Here is the timeline:

  • 2006: Assange funda o WikiLeaks and begins publishing classified information and news leaks from anonymous sources;
  • August 2010: a Swedish prosecutor issues an arrest warrant after two Swedish women accuse Assange of rape and sexual abuse in separate allegations;
  • November 2010: WikiLeaks starts to publicize diplomatic telegrams acquired from an anonymous source, prompting the US Department of Justice to open an investigation. The source is later discovered to be Chelsea Manning. Sweden also issues an international arrest warrant for Assange;
  • December 2010: the Australian surrenders to the British police. The courts consider that he must post bail;
  • May 2012: British Supreme Court rules in favor of Assange’s return to Sweden, but his lawyers ask for a delay;
  • August 2012: Assange is granted asylum at the Ecuadorian Embassy in London, which cites concerns about human rights abuses if he is extradited. The journalist entered the embassy for the first time in June 2012;
  • August 2015: Swedish prosecutors drop sexual abuse charges against Assange after they ran out of time to question him, but he still faces a rape charge;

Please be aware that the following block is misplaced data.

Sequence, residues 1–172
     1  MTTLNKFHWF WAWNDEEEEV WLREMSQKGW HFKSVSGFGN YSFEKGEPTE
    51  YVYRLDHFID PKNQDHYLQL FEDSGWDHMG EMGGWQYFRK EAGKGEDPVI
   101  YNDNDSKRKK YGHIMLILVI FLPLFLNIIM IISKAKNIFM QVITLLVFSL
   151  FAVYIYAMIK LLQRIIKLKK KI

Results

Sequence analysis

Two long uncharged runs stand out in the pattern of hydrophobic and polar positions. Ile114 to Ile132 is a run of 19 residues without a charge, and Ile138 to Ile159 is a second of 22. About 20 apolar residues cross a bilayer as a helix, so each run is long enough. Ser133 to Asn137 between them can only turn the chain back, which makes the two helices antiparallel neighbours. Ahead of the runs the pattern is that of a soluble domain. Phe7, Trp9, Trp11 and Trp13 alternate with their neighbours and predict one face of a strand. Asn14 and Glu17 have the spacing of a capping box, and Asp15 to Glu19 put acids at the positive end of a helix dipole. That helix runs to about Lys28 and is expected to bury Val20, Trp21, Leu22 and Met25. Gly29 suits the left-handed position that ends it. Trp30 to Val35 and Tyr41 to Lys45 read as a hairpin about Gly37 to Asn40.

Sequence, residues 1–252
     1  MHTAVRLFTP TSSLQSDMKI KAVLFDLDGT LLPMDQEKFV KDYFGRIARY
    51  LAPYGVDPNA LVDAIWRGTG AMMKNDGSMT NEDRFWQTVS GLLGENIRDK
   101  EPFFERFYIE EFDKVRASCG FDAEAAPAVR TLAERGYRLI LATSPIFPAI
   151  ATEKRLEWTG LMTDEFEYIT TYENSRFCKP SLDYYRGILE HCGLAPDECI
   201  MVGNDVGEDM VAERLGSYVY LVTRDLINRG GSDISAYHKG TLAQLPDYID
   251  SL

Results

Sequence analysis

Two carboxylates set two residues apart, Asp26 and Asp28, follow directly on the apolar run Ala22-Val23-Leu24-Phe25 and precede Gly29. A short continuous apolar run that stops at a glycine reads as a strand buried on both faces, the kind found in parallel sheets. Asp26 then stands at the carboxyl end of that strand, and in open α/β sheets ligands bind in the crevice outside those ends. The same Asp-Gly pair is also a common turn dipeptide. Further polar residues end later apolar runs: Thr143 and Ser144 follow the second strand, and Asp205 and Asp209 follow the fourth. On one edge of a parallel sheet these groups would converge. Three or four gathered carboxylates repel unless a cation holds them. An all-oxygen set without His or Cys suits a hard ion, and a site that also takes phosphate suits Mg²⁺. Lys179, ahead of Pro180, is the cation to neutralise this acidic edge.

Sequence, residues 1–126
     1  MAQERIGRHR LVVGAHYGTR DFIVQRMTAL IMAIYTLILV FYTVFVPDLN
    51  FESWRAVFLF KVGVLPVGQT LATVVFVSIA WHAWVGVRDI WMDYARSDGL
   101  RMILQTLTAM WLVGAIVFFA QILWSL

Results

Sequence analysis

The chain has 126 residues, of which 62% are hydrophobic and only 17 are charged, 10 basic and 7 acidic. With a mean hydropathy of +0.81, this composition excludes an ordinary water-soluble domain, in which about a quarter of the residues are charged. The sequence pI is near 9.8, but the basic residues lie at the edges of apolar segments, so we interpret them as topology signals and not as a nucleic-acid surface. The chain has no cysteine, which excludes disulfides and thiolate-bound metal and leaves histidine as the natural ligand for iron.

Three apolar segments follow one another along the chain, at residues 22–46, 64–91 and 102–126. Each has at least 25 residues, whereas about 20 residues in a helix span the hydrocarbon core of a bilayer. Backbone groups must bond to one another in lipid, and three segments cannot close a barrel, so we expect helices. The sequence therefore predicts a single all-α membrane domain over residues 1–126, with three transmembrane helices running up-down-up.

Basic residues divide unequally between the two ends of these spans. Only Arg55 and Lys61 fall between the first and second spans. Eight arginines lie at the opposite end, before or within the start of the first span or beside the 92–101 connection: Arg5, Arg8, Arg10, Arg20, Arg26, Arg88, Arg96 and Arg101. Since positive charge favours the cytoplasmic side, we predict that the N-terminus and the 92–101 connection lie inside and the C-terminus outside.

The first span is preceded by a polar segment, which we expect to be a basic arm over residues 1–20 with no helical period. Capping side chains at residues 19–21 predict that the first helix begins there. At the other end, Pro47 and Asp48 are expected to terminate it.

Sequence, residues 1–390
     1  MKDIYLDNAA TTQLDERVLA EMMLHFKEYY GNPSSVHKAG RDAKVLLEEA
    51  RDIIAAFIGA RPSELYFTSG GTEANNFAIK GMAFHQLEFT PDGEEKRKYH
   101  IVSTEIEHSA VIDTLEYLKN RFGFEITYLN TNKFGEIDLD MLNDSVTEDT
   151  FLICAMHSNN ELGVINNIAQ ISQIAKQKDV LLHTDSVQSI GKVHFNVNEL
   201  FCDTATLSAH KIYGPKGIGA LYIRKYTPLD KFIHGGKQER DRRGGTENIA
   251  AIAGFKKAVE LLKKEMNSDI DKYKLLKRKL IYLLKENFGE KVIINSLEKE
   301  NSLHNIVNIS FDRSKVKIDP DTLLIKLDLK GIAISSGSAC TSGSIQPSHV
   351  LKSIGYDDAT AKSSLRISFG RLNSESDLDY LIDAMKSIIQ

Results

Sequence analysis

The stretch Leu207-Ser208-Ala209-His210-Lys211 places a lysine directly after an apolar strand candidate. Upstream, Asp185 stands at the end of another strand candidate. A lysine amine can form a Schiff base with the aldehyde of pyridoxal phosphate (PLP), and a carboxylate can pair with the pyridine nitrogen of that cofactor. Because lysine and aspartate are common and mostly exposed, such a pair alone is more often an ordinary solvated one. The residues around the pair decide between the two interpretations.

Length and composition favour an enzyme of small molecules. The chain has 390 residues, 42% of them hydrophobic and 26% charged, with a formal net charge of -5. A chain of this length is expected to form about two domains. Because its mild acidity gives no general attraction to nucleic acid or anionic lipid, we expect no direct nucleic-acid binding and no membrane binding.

• February 2016: the United Nations Working Group on Arbitrary Detention concludes that Assange was arbitrarily detained by Sweden and the United Kingdom since December 2010 and calls on both governments to end their “deprivation of liberty”;
  • October 2016: Ecuador government says it cut off Assange’s internet due to the release of hacked emails WikiLeaks during the 2016 election – later revealed to be part of Russian government interference on behalf of then-candidate Donald Trump. Assange announced in December that his internet connection had been restored;
  • April 2017: former director of the CIA (US Central Intelligence Agency) Mike Pompeo describes the WikiLeaks as a “non-state hostile intelligence service” that constitutes a threat to the national security of the United States;